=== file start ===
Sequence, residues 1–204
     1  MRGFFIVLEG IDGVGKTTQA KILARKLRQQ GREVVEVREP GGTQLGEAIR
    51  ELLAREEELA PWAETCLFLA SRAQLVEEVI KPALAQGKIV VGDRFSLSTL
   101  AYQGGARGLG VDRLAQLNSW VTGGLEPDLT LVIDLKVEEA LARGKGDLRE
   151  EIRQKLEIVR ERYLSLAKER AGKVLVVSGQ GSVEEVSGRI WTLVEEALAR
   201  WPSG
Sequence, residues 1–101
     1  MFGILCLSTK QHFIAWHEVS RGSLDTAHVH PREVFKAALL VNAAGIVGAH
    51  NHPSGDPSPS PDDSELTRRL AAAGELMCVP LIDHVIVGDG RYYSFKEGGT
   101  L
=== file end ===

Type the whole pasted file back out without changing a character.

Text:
Sequence, residues 1–204
     1  MRGFFIVLEG IDGVGKTTQA KILARKLRQQ GREVVEVREP GGTQLGEAIR
    51  ELLAREEELA PWAETCLFLA SRAQLVEEVI KPALAQGKIV VGDRFSLSTL
   101  AYQGGARGLG VDRLAQLNSW VTGGLEPDLT LVIDLKVEEA LARGKGDLRE
   151  EIRQKLEIVR ERYLSLAKER AGKVLVVSGQ GSVEEVSGRI WTLVEEALAR
   201  WPSG
Sequence, residues 1–101
     1  MFGILCLSTK QHFIAWHEVS RGSLDTAHVH PREVFKAALL VNAAGIVGAH
    51  NHPSGDPSPS PDDSELTRRL AAAGELMCVP LIDHVIVGDG RYYSFKEGGT
   101  L